Short URL

GPS Ground Truth Data Acquisition


Chapter 4 - Methodology

Data Acquisition  |  GPS Ground Truth Data Acquisition  |  Image Preprocessing  |  Image Classification  |  Change Detection  |  1984 Land Use & Land Cover Map  |  Data Conversion  |  Land Assessment  |  Hardcopy Map Production

GPS Ground Truth Data Acquisition

Before the preprocessing and classification of satellite imagery began, an extensive field survey was performed throughout Carroll County using Global Positioning System (GPS) equipment. The Global Positioning System has developed into an efficient GIS data collection technology which allows for users to compile their own data sets directly from the field as part of ‘ground truthing’ (Cunningham, 1998). Ground-truth surveys are essential components for the determination of accuracy assessment for classified satellite imagery (Congalton, 1996).

This survey was performed in order to obtain accurate locational point data for each land use and land cover class included in the classification scheme as well as for the creation of training sites and for signature generation; in addition, creating an independent data set reserved for accuracy assessment. The land use and land cover categories of focus were pastures, deciduous forest, coniferous forest, barren land, and herbaceous land. Urban and perennial water classes were not included in the survey. Alternative classification procedures were employed for these classes.

The herbaceous category was not included in the final classification scheme. During image classification, there was difficulty in differentiating herbaceous areas from pasture as a result of similar reflectance values and seasonal vegetation characteristics. Anderson et al (1976) characterized herbaceous land as dominated by naturally occurring grasses and forbs. This type of landscape is often used for livestock grazing which may also help explain the misclassification.

Additional ground truth categories were also obtained on an experimental basis; these include orchards, cedar glades, and chicken houses. These were also discarded from the final land use and land cover classification due to few numbers of quality sites collected as well as resolution issues. Previous research (Culpepper & Bayard, 1997) has also identified the difficulty in discerning cedar glades with Landsat TM imagery.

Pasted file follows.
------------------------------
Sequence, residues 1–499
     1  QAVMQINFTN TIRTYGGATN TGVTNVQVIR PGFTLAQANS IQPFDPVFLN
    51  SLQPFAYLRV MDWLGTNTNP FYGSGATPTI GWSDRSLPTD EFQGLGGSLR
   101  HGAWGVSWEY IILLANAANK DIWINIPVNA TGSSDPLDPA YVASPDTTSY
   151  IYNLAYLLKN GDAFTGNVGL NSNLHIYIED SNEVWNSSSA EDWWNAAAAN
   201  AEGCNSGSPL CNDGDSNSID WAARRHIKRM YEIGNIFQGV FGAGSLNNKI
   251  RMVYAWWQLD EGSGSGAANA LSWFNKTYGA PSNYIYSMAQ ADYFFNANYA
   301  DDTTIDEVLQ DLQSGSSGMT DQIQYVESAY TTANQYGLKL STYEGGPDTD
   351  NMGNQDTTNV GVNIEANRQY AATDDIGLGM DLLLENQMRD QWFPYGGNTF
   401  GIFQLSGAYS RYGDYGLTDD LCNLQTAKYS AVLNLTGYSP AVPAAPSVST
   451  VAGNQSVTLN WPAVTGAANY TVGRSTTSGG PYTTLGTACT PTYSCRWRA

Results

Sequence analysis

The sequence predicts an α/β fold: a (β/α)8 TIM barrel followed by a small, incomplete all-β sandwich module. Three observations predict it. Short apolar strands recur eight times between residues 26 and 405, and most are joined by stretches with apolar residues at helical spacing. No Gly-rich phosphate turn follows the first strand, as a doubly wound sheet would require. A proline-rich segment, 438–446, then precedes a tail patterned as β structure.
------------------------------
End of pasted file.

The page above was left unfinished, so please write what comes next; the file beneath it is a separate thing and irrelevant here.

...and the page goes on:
The field survey was carried out over a six week period beginning in mid - March and ending at the end of April, 2000. A total of nine different field reconnaissance trips were made. Before each field reconnaissance trip was made, mission preplanning was conducted to ensure successful data collection. Specific factors where considered for data collection:

1: Geographic distribution - an attempt to obtain point data evenly throughout the study area

2: Proximity routes - for travel logistics purposes

3: Comprehensive classification - to ensure point data was collected for all land use classes employed in this study

The GPS equipment utilized in the field survey was a Trimble TDC1 data logger and rover receiver. This equipment was borrowed from The Center for Advanced Spatial Technologies (CAST) at the University of Arkansas, Fayetteville with permission and instruction from Michael Garner, former CAST GPS instructor.

The utilization of the rover receiver allowed for real time differential correction and collection of data in the field which greatly minimized post-processing time of the rover files. The rover receiver collects data simultaneously with a base station receiver located at a recorded position from the same or similar sets of satellites and calculates positional corrections and transmits the location to the rover receiver in the field in real time (Gibbons, 1992).

The base station utilized during ground truth field surveys is located in Sallisaw, Oklahoma and is part of the Continuously Operating Reference Station (CORS) Network which is maintained by the National Geodetic Servey (NGS), an office of The National Oceanic and Atmospheric Administration (NOAA). These base stations coordinate a network of continuously operating reference positions that provide GPS carrier phase and code range measurements in support of three dimensional positioning activities throughout the United States and its territories (National Geodetic Survey, 2000).